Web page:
Anomalocarid

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Anomalocaridids[derivation 1] are a group of very early marine animals known primarily from fossils found in Cambrian deposits in China, USA, Canada, Poland and Australia. They were long thought to be restricted to this range, but the discovery of the Devonian Schinderhannes extended their record by some hundred million years — their non-mineralised nature means they are absent from the intermediate fossil record.[2] Anomalocarids are the largest Cambrian animals known — some Chinese forms may have reached 2 m (7 ft) in length — and most of them were probably active carnivores.

Contents

Characteristics

Anomalocaridids were flat, free-swimming, segmented animals that possessed two appendages in front of their mouths that resembled the bodies of shrimp. The mouth was a circular structure resembling a pineapple slice, but with a ring of hard sharp teeth in the central orifice. The mouth was more rectangular than round, and the teeth did not meet in the middle. It has been hypothesised that the mouth enabled anomalocaridids to eat hard-shelled organisms such as trilobites; for a full discussion of this matter, see Anomalocaris. Anomalocarids also had large eyes and a body half-flanked with a series of swimming lobes.

Parapeytoia yunnanensis, one species of anomalocaridid (many scientists[citation needed] debate whether or not Parapeytoia was a true anomalocaridid, or rather more closely related to Yohoia or Haikoucaris), may even have had legs.[3]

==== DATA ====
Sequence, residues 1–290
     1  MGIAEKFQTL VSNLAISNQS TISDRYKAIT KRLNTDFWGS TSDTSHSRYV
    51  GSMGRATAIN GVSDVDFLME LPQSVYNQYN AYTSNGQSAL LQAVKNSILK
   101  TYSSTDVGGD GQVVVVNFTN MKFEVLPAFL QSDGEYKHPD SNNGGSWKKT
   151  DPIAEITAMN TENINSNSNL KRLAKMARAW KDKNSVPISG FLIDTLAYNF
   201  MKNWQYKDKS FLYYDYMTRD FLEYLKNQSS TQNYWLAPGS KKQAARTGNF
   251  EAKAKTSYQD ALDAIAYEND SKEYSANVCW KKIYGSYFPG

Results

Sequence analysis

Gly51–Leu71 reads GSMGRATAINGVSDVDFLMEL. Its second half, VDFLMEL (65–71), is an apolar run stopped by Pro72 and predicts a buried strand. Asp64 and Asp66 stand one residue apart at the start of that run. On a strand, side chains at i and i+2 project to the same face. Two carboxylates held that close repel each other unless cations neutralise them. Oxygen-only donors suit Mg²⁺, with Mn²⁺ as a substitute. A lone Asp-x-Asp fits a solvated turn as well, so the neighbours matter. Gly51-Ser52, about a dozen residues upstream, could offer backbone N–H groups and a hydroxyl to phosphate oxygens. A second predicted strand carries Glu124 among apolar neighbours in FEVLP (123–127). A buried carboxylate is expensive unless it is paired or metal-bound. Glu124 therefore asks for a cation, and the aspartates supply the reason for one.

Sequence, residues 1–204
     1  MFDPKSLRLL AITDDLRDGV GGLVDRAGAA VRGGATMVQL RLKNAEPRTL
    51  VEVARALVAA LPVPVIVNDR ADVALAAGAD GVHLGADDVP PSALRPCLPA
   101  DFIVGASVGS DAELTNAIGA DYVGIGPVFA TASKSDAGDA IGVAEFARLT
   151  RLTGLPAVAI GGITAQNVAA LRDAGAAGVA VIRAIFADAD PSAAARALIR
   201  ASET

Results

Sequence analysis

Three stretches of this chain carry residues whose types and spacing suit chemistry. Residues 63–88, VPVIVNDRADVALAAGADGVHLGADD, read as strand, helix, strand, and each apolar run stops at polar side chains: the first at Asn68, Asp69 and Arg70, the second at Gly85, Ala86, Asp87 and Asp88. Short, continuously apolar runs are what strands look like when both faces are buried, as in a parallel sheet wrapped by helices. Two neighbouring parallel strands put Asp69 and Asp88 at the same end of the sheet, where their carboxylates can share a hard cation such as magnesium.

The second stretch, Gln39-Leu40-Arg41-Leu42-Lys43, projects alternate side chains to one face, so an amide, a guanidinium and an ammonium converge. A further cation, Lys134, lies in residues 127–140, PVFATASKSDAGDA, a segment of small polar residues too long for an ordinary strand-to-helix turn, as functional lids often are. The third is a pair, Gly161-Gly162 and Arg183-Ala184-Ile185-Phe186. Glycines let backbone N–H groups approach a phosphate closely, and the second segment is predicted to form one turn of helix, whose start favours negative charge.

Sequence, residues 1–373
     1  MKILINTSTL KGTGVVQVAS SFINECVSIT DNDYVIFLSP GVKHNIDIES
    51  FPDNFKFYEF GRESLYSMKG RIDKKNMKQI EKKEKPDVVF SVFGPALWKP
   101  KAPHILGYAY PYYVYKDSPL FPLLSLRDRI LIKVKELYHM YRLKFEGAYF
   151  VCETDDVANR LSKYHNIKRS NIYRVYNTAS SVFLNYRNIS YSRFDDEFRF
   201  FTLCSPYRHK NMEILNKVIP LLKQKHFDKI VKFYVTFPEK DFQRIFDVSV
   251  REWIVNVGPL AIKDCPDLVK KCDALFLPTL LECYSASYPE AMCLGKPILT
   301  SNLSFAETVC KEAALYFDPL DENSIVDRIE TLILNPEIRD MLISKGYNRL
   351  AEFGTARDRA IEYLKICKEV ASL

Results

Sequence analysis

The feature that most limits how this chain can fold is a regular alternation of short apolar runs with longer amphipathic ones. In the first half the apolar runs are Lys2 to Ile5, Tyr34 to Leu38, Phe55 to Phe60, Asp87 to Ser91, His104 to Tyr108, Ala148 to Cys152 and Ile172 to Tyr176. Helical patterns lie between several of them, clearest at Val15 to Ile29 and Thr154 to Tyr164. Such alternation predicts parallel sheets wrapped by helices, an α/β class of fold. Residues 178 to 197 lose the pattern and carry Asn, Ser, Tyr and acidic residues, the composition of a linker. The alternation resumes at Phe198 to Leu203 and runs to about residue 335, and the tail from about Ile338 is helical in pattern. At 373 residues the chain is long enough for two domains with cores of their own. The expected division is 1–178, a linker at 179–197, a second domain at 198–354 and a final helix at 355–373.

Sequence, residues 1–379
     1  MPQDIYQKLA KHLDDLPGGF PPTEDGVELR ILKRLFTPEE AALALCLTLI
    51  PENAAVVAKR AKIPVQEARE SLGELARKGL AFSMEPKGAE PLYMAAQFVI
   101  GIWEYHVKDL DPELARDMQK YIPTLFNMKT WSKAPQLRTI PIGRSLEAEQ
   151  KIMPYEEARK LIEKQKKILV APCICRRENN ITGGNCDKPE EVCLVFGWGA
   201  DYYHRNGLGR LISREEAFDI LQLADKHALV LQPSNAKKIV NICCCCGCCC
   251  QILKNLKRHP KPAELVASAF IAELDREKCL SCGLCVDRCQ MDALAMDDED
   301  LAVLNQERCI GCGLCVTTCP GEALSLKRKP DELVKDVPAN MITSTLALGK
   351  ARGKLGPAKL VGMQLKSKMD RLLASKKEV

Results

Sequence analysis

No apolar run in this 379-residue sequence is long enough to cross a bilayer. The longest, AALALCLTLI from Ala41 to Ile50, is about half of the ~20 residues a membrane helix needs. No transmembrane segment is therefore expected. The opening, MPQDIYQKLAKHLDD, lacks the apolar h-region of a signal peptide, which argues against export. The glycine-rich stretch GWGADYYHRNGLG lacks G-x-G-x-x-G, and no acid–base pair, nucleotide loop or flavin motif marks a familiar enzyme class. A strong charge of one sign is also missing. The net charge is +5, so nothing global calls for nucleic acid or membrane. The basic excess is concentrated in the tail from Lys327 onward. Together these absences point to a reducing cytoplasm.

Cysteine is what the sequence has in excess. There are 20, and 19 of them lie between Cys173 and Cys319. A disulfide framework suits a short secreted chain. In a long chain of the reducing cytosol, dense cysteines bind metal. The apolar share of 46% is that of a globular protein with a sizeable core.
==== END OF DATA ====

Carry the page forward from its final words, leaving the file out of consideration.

Compared with many of the other sea-dwelling creatures of its time, anomalocaridids were extremely agile. The flaps along its body could probably be moved in a wave-like formation, allowing it to move at great speeds or to 'hover'. This motion could be compared to present-day Batoidea (rays), or perhaps cuttlefish. The cuticle of the anomalocaridids was more flexible than those of its prey, allowing it easier movement.

After death this large organism tended to disintegrate and fall apart into separate pieces; the same happened to its moulted skins[citation needed] . Completely intact fossil remains are very rare. When the fossils were originally described, the jointed arms in front of the mouth were classified as separate arthropods (a large mystery before the fossils were fully reassembled was why these fossils, mistaken as "shrimp", were always found without "heads"), the mouth was thought to have been a fossilized jellyfish called "Peytoia", and the body, thought to be a sponge named "Laggania" was not associated with either. Since the pieces were reassembled in the 1980s, a number of genera and species have been described that differ in the details of the grasping appendages, as to whether a tail is present, mouth location, and other features.

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